[4] 16.12.2oo4 algoritmus a kód


[sci] 2003 Joint press release of Craig Venter's Celera Genomics corporation and consortium of instutions in China, France, Germany, Japan, UK and US announce that the aim of The Human Genome Project to map the human genome down to the nucleotide (or base pair) level and to identify all the 30-35,000 genes present in it, has been completed successfully, with 99% of the genome sequenced with 99.99% accuracy.    


[lit] 2002 Florian Cramer and August Highland start Nettime unstable digest, a weekly collection of artistic codework, code poetry gathered from various mailing lists.    


[art] 1999 Eduardo Kac's transgene project Genesis is exhibited for the first time at Ars Electronica in Linz. He creates the synthetic gene translating a sentence from the biblical book of Genesis into Morse Code, and then converting it into DNA base pairs. The sentence reads: "Let man have dominion over the fish of the sea, and over the fowl of the air, and over every living thing that moves upon the earth." The gene is incorporated into bacteria, which are shown in the gallery. Participants on the Web can turn on an ultraviolet light in the gallery, causing real, biological mutations in the bacteria. This changes the biblical sentence in the bacteria.    


[art] 1996 Photographer Gary Schneider starts his work on series of photographs responding to revolutionary discoveries that are emerging from the Human Genome Project. Combining his interests in self-portraiture and biology, Schneider consults with doctors and geneticists, examines diagnostic and forensic photographs, as well as X rays, radiographs, photograms and micrographs of specimen samples of various parts of his own body. The photographic installation of 14 works called Genetic Self-Portrait is exhibited at the International Center of Photography in 2000.  


[art] 1992 David Kremers starts his paintings with transgene bacteria. He uses bacteria genetically engineered to produce enzymes of various colors. In an incubation chamber bacterial colonies grow on plates of clear acrylic, creating various shapes and colors. At certain time point, the plates are dried and sealed in a synthetic resin. However, the resin may be removed and bacteria revived to continue the artwork.  


[phil] 1979 Jean-Francois Lyotard in Postmodern Condition essay opposes the modern knowledge with the „ignorance“ and apply „functional“ perspective on knowledge in postmodern era, where the knowledge is digitizable (ie clear radio transmission), while noise not digitizable into categories, what puts it outside our systems of data collection / organization / preservation, disrupting orderly flow of knowledge / production (ie disrupted radio signal).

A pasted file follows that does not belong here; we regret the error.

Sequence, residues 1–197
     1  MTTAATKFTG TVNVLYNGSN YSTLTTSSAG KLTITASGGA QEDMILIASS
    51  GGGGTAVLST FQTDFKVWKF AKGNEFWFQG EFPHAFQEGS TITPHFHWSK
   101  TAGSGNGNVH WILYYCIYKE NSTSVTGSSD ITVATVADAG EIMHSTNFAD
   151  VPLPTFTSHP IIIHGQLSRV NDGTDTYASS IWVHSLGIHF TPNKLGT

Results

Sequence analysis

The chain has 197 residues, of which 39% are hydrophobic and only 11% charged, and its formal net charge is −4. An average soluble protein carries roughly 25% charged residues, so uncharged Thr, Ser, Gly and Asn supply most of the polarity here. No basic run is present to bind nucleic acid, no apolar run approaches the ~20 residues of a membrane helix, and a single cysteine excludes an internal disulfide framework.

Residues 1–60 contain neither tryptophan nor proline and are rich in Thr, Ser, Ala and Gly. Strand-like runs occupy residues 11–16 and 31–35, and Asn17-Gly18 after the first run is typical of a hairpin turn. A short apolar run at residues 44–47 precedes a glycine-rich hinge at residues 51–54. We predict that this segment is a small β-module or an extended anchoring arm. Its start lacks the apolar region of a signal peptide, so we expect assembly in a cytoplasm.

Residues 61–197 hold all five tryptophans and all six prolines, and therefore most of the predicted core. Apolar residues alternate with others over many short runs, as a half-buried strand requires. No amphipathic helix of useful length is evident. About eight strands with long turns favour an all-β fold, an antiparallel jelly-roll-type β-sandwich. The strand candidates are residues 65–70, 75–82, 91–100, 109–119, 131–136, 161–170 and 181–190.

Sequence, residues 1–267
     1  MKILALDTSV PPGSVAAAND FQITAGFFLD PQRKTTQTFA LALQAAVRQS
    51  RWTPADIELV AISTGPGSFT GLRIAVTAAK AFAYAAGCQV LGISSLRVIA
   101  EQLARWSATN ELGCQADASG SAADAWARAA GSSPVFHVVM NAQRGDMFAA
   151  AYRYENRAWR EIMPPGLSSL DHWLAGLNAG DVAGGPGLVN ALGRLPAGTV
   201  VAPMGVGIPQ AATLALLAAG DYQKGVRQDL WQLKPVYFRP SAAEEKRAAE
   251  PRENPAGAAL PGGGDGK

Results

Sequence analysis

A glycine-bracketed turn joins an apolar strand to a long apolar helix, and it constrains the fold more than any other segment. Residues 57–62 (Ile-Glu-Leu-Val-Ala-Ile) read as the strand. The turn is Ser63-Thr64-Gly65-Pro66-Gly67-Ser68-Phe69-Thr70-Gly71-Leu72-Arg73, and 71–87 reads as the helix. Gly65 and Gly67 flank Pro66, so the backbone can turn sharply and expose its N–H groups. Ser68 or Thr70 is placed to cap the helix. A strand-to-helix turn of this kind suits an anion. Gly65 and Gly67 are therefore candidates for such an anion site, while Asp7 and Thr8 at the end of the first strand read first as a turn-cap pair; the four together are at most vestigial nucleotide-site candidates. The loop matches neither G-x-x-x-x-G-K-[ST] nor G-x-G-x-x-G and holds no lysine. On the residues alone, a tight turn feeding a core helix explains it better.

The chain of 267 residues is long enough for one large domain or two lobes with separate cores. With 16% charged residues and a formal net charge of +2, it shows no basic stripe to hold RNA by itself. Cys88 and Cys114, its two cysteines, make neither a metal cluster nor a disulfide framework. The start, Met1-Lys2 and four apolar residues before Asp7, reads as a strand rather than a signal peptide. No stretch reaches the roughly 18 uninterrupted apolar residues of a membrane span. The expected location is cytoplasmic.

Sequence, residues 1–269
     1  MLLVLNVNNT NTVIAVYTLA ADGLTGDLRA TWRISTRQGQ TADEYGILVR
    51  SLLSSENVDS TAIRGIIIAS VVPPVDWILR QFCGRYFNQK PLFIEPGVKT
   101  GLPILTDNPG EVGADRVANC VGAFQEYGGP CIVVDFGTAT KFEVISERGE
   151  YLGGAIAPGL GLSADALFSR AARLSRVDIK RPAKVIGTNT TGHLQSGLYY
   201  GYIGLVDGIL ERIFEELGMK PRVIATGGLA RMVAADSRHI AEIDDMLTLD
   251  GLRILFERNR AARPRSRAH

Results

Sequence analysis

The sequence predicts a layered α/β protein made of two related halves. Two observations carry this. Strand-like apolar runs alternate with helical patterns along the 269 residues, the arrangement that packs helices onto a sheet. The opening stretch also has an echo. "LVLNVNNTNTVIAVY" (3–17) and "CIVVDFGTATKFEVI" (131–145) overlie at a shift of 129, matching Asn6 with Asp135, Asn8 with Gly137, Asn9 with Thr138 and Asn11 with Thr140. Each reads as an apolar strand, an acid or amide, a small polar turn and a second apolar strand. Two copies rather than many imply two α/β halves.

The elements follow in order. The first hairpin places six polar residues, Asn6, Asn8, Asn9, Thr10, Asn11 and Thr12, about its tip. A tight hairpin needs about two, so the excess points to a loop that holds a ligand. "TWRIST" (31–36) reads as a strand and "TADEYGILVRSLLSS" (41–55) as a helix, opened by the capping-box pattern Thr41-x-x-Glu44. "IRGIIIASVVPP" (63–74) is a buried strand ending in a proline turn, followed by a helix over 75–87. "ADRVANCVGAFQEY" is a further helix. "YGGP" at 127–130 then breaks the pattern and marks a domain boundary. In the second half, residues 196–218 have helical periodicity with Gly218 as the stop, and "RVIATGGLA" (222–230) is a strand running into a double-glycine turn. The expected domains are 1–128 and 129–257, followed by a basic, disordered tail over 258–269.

[art] 1970 MoMA's Information (curated by Kynaston McShine) and Jewish Museum's Software – Information Technology: Its New Meaning for Art (curated by Jack Burnham) conceptual art shows open in New York City. The same year, video magazine Radical Software published by Beryl Korot, Phyllis Gerhuny, and Ira Schneider starts its 4-year existence. The common motif here is the focus on art as a form of information processing (software) as opposed to the creation of traditional art objects (hardware).  


[art] 1965 Mathematician and philosopher Friedrich Nake develops a programming language Comparter ER 56 and interested in probability theory, random numbers and the works of Hans Hartung and Paul Klee he starts to use the language to create his own computer visuals.  


[sci] 1963 Kenneth Knowlton develops the first specialised computer animation language in Bell Labs. Beflix produces images at a resolution of 252 x 184 in 8 shades of grey. Beflix-generated films, created using an IBM 7094 computer and Stromberg-Carlson 4020 microfilm recorder, cost approximately $500 per minute of output. Beflix operations include: draw straight lines (from dots), draw curves, copy region, move region, solid fill area, zoom area, dissolve image transition.  


[sci] 1960 William Fetter produces first ever computer-generated images of the human figure. As a Boeing employer he is trying to find a way to design an airplane cockpit. Fetter coins the term computer graphics in order to describe his creations. The human model is completed in 1964.  


[sci] 1953 James Watson and Francis Crick decipher the molecular structure of the DNA, suggesting that DNA--not a protein, as is widely imagined--is the master molecule that contains genes, self-replicates and recombines during reproduction.    


[snd] 1952 As opposed to minimally redundant Music of Changes, John Cage composes maximally redundant piece 4'33". The premiere is given by David Tudor on August 29 at Woodstock, New York as part of a recital of contemporary piano music. The audience saw him sit at the piano, and lift the lid of the piano. Some time later, without having played any notes, he closed the lid. A while after that, again having played nothing, he lifted the lid. And after a period of time, he closed the lid once more and rose from the piano. The composition consists of only one element repeating itself - silence.  


[art] 1936 Photographer Edward Steichen exhibites dozens of delphiniums that does not occur in nature at the Museum of Modern Art in New York. For the show, Steichen uses methods of selective breeding combined with treatment with colchicine, a drug that altered the plant's genetic makeup. This is for the first time that transgenic plants are presented as an artwork.  


[sci] 1873 Charles Hermite: e (2.71828..) is a transcendental number--cannot be the solution to any polynomial expression of rational numbers.  


[*] 1843 Ada Lovelace in note G to English translation of the Charles Babbage's lecture on analytical engine written by Luis Menabrea in French describes an algorithm for the engine to compute Bernoulli numbers. It is generally considered the first algorithm ever specifically tailored for implementation on a computer.    


[sci] 1737 Leonhard Euler: e (2.71828..) is not a rational number, i.e., it cannot be expressed as a ratio of two integers.  


[sci] 1200 Fibonacci discovers the numerical sequence holding a great connection with the golden mean.  


[phil] -360 Plato in his Timaeus: (the number today known as) Phi (1.61803..) is the most binding of all mathematical relationships and the key to the physics of the cosmos.  


[sci] -560 Pythagoras discovers the (the number today known as) Phi (1.61803..) by sound.  


[sci] -2000 Babylonians use 25/8 (approximation of the number today known as π) as the ratio of a circle's circumference to its diameter, and as the area of a circle of radius 1.    


[art] 2003 Florian Cramer and Ulrike Gabriel: Software artists seem to conceive of generative systems not as negation of intentionality, but as balancing of randomness and control.  


[art] 2001 In Transmediale, Berlin international media art festival, the first award is given and solely dedicated to software art.    


[film] 1998 In Darren Aronofsky's Pi, computer freak Max believes that the mathematics is the true language of nature, and that every action in the world, no matter how random, is intricately ordered and patterned. The belief drives him into the obsessive search for the 216-digit number supposed to be the code behind the stock market, chaos theory, Kabbalistic "name of God" and the life itself.